DR ELIZABETH BANKS
ECOINT Postdoc Fellow
elizabeth.banks AT eui.eu
Dr Elizabeth Banks
I am a transnational historian of the Soviet Union and twentieth century Africa. My research has focused on socialist globalization and international socialism in the cold war era
My current research explores how Soviet and socialist economists working in UN institutions taught the west how to plan. Focusing on specific working groups, it explores how technical experts from East and West were able to plan economic life together, even as their respective economic languages at times sounded like ideology to one another. I am writing a related article centred on Marina Men’shikova, a Soviet economist hired at the UN as a Russian translator but never for her economic expertise, that reflects on the double invisibility of Soviet women in international spaces and the importance of translation as international work. Another smaller project, drawing on my training in African history, examines the practices of economic decolonization in the regional economic commission for Africa (UNECA).
Alongside these projects, I am finalizing a manuscript titled Parallel Worlds: Socialist Globalization in the Soviet Union and Mozambique, for publication. This book explores the ideological ideal of socialist solidarity was into practice by leaders, bureaucrats and ordinary citizens in Mozambique, the USSR, and the spaces in between. It shows how their everyday actions – signing treaties, building embassies, fishing, exchanging delegations, buying heavy equipment, and getting into debt – helped construct socialist pathways of globalization that intersected with existing conceptions of global and international life in complicated and unexpected ways. An article based on this research, “Sewing Machines for Socialism? Gifts of Development and Disagreement between the Soviet and Mozambican Women’s Committees, 1963–87,” appears in a special section of Comparative Studies of South Asia, Africa and the Middle East that I co-edited (issue 41.1).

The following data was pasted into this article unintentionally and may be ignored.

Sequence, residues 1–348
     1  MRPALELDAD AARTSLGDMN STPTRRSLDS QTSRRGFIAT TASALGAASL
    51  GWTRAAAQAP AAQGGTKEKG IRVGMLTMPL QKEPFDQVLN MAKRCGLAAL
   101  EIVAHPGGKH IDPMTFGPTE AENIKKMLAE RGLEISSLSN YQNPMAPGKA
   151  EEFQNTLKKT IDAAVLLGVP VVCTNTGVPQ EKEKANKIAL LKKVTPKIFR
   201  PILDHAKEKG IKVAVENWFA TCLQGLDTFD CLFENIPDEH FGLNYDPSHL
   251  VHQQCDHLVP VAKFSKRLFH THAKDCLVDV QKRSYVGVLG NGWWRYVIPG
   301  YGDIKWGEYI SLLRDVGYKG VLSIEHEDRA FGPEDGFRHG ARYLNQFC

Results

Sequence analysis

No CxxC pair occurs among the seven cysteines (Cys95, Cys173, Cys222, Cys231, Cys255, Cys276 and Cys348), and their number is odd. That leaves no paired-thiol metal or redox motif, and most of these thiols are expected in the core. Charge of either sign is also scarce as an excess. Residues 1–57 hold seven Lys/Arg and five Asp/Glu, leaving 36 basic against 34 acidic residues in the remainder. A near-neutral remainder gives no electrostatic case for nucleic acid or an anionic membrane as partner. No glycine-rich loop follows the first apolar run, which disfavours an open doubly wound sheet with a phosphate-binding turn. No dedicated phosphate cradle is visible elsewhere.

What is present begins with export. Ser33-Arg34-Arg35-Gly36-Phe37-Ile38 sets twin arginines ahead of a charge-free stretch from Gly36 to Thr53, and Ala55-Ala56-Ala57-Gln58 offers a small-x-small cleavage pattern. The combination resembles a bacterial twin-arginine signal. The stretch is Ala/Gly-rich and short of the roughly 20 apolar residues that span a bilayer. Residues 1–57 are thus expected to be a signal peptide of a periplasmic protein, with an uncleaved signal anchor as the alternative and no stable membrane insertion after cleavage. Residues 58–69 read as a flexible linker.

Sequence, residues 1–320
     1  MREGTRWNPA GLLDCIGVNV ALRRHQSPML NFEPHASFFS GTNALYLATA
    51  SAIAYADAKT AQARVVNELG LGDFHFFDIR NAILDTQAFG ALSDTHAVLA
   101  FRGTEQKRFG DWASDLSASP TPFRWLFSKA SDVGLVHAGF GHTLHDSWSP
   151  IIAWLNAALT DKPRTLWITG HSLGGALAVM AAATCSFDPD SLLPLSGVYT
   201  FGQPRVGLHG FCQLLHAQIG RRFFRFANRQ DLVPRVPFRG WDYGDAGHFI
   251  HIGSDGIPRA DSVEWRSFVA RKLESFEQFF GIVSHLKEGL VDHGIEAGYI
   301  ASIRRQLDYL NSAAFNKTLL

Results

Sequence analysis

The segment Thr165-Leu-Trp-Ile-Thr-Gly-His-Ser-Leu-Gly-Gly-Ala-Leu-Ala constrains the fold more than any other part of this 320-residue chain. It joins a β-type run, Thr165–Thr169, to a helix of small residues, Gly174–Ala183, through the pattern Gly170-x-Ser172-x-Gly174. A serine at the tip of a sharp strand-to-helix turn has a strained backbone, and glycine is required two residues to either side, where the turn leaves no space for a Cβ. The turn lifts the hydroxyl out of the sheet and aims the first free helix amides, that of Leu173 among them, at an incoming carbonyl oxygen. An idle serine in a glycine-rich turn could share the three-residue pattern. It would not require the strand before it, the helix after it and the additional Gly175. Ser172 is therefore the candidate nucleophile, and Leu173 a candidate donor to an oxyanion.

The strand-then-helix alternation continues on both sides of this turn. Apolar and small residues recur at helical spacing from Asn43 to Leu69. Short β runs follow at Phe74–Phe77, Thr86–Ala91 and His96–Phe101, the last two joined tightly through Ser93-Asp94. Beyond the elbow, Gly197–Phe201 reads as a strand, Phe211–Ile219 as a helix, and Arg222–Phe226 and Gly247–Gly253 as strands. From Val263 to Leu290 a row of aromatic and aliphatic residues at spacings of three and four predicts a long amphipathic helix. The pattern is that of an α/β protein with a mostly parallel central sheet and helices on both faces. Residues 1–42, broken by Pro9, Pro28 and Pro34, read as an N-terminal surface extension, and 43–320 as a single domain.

Before joining ECOINT I was a visiting postdoctoral fellow at the Centre for the Study of Modern and Contemporary History at the University of Edinburgh and a Max Weber postdoctoral fellow at the EUI. I received my PhD from New York University.